The advisory committee will consider Moderna’s vaccine for children ages 6 months through 5 years, which would be a 25-microgram dose, on Wednesday alongside Pfizer-BioNTech’s bid to vaccinate kids under 5.
The FDA is not required to follow its advisory committees’ recommendations, but it usually does.
It’s unclear whether making Moderna’s vaccine available to teens and younger kids will do much to change the trajectory of adolescent and child vaccination against Covid.
Just 29 percent of U.S. children ages 5 to 11 are fully vaccinated against Covid, compared to nearly 56 percent of 12- to 15-year-olds and 67 percent of 16- and 17-year-olds, according to CDC data ending April 30.
Asked how the product could help improve vaccine uptake, Rituparna Das, Moderna’s vice president for clinical development, said the company is reaching out to pediatricians and other vaccine administrators to answer questions.
“I think the goal would be for all of us together to increase vaccine uptake, but I can’t speculate on what the authorization specifically would do,” she said.
Recent polling by the Kaiser Family Foundation suggests about 20 percent of parents are eager to vaccinate their children under 5 as soon as they’re allowed to, while nearly 40 percent plan to “wait and see” how the vaccine works in other kids and another 40 percent are more reluctant to immunize at all.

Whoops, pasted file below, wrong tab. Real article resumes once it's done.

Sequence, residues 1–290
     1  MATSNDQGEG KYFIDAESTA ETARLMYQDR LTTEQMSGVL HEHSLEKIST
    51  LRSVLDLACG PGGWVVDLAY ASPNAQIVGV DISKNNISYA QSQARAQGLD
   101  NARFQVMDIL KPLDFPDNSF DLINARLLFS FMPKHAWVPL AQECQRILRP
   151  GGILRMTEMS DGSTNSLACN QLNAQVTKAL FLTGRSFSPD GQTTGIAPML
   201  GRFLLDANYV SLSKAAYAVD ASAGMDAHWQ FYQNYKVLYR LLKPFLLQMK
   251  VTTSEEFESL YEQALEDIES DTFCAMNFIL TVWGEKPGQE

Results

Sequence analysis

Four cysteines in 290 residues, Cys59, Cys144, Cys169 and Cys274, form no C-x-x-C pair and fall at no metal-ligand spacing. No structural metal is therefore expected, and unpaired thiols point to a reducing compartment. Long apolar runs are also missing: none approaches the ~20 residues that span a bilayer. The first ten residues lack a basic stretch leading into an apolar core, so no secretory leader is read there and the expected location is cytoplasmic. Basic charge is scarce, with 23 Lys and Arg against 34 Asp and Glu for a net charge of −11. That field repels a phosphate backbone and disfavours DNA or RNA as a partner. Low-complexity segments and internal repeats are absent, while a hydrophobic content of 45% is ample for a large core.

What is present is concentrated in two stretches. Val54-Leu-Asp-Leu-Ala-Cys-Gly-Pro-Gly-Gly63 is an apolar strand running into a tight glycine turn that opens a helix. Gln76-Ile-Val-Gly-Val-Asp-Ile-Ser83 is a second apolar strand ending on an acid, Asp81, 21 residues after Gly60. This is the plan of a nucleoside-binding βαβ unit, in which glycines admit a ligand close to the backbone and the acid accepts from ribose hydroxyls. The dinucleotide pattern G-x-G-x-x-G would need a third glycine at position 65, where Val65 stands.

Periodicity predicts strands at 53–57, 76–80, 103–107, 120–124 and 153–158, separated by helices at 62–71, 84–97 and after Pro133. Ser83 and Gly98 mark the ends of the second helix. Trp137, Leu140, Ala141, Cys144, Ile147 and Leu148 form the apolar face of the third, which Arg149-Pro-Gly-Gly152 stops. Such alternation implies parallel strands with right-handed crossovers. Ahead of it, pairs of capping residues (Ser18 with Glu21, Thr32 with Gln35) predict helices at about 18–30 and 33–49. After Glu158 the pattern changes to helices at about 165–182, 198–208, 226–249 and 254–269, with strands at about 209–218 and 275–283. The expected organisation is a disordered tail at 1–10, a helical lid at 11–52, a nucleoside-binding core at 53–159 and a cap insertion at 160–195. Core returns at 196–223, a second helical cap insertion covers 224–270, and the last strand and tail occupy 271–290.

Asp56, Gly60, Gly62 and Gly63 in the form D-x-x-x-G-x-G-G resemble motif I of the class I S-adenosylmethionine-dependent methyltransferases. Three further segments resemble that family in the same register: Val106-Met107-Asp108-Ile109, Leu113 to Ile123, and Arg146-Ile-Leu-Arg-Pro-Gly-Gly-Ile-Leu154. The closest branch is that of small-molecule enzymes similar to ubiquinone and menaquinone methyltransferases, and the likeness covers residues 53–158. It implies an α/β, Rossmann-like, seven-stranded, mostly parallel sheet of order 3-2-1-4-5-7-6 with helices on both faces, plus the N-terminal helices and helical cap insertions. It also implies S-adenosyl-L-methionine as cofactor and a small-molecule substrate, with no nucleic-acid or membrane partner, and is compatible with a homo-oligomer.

No cases of myocarditis or pericarditis — inflammation of the heart muscle or lining, respectively — were reported in Moderna’s pediatric trials. Both conditions are known risks of Covid-19 messenger RNA vaccines, particularly among males ages 12 to 39.
Data from international vaccine safety surveillance programs have suggested that a higher rate of the heart conditions occurs after immunization with Moderna’s shots than with Pfizer-BioNTech’s. That information, along with the availability of the Pfizer vaccine for adolescents, convinced the FDA last fall not to move forward with an EUA then for 12- to 17-year-olds, the agency said in the briefing document.
But analyses of U.S. data in active and passive surveillance systems conducted in April and May “do not support a difference in myocarditis/pericarditis risk for [Moderna] as compared to [Pfizer-BioNTech] or suggest a small difference because of uncertainties,” the FDA said, later calling evidence of a risk difference between the two products “inconclusive.”
Committee members signaled continued concern about the side effect but concurred with the FDA that a notable risk difference between Moderna’s vaccine and Pfizer’s was unclear.